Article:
Talk:Silicon on insulator

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Complete Rewrite[edit]

Added a reference to a (somewhat biased but otherwise comprehensive) review article but still needs some primary references, especially for SIMOX and wafer seeding techniques. I have left the "needs references" template in place until I can dig up some appropriate sources to supplement the rest of the article.

Since performance is a complex factor of transistor design, materials choice, and lithography node I have removed any direct comparison between clock speed or switching energy (sic?) between "SOI" and "non-SOI" devices (although you can dig up dozens of such comparisons in the literature). I have also tried to avoid diving into the AMD vs. Intel fray, although my general survey of the various tech sites suggests that the (non-SOI) Core 2 outperforms the SOI-based Opteron products by most benchmarks. Anyone know an objective way of saying this? Or maybe it doesn't need to be said. Irene Ringworm 05:02, 31 December 2006 (UTC)

Comparing Intel's non-SOI 65nm chip to AMD's SOI 90nm chip does indeed make Intel come out the winner, but of course this doesn't mean SOI makes chips slower - just that SOI isn't the only technology advance capable of influencing processor speed. With comparisons like this out, I'm not sure of how to describe the benefits of SOI without going into (inaccessible to the layman) technical details? Mike1024 (t/c) 00:32, 3 January 2007 (UTC)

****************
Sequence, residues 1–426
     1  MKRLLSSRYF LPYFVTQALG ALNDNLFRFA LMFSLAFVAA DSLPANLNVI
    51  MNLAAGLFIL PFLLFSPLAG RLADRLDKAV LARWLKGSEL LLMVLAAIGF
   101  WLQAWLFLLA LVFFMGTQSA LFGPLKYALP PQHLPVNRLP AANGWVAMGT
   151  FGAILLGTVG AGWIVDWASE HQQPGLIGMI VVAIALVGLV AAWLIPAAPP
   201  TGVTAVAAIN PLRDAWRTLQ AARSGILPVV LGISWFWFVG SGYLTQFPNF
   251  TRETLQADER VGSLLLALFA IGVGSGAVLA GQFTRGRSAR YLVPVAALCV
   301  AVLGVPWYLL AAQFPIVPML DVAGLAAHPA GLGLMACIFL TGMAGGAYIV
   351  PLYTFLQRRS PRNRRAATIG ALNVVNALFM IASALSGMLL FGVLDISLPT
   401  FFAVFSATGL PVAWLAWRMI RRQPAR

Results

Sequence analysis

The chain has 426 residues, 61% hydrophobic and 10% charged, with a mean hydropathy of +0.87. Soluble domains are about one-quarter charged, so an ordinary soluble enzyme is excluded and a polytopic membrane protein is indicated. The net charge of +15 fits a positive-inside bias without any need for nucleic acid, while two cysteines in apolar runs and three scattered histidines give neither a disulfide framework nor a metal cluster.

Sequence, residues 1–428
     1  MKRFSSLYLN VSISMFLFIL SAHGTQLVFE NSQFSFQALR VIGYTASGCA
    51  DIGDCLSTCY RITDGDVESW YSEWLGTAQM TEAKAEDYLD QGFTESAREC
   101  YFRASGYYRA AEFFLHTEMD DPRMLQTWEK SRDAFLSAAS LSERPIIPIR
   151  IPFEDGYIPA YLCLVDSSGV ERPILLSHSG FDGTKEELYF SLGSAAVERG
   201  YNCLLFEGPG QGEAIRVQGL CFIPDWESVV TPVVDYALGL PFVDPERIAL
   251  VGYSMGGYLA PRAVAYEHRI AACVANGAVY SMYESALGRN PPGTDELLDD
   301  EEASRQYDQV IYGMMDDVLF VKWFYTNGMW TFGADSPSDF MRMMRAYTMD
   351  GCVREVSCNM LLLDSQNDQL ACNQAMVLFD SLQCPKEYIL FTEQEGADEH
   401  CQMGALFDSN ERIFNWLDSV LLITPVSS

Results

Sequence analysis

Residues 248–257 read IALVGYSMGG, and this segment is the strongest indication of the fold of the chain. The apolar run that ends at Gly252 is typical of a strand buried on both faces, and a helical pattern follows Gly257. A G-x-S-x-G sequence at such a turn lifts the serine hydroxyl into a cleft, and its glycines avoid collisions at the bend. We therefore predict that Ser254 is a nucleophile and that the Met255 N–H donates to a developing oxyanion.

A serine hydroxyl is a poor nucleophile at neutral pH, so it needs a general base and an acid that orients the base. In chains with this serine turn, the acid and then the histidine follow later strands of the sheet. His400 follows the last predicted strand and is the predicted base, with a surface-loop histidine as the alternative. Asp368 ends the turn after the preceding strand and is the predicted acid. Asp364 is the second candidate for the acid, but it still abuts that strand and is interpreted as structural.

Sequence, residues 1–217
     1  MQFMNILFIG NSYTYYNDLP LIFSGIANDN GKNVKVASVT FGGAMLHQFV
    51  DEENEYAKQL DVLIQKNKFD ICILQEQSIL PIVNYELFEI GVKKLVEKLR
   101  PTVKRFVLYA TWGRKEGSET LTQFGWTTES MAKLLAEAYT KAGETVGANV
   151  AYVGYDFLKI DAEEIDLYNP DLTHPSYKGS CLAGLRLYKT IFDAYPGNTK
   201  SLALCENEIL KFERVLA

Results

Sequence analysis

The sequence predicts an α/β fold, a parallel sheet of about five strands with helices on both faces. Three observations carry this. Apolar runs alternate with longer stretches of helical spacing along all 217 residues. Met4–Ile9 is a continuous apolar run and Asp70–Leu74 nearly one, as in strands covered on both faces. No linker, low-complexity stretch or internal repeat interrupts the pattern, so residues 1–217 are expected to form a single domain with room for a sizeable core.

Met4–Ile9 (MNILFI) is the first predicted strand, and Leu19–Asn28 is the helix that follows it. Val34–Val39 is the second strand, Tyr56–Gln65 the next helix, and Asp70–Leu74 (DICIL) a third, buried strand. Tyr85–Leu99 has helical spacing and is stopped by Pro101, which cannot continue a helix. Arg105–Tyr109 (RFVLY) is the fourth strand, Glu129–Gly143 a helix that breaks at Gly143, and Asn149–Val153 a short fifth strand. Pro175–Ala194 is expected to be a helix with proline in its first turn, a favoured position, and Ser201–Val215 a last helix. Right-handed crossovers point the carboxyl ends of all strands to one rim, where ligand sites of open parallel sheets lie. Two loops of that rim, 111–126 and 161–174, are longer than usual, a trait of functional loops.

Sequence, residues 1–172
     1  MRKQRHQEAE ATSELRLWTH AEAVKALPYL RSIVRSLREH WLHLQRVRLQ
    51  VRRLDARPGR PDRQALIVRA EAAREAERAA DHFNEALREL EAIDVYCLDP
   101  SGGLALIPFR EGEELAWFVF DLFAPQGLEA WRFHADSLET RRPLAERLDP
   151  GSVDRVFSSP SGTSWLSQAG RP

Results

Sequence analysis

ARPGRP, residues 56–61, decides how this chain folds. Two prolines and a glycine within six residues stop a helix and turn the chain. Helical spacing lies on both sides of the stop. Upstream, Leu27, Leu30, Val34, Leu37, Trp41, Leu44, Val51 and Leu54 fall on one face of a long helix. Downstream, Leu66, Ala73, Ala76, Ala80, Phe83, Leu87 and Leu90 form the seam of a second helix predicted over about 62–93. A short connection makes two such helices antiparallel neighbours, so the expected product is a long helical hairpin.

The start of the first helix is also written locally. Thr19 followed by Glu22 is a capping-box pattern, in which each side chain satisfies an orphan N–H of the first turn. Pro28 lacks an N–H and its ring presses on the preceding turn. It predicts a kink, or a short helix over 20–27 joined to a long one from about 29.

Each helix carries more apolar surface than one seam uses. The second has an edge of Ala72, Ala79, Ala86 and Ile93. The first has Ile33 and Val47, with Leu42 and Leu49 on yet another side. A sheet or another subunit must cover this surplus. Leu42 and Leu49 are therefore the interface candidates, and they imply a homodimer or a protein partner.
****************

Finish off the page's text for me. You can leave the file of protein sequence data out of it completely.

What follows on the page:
I like how you phrased that. Probably not worth opening up the Intel vs. AMD can of worms. I think that what's written now conveys that SOI provides a potential advantage and already finds use in many high end devices but it's not the only arrow in the process engineer's quiver. I'll just leave it be. Irene Ringworm 04:07, 3 January 2007 (UTC)

Overstates efficacy of SOI[edit]

The statement that "SOI [is] one of the cornerstone technologies of modern digital integrated circuit manufacturing" just plain isn't true. From what I can gather poking around the internet, AMD uses SOI substrates in a small number of high performance processors and that Intel doesn't market any chips built on SOI. I will remove this in a future edit. Irene Ringworm 17:50, 27 December 2006 (UTC)

I agree that the statement isn't true. However, it's worth noting that IBM uses SOI for the Cell microprocessors used in gaming systems. Katherine Derbyshire

I caught the IBM Cell usage in my edit. Irene Ringworm 04:19, 3 January 2007 (UTC)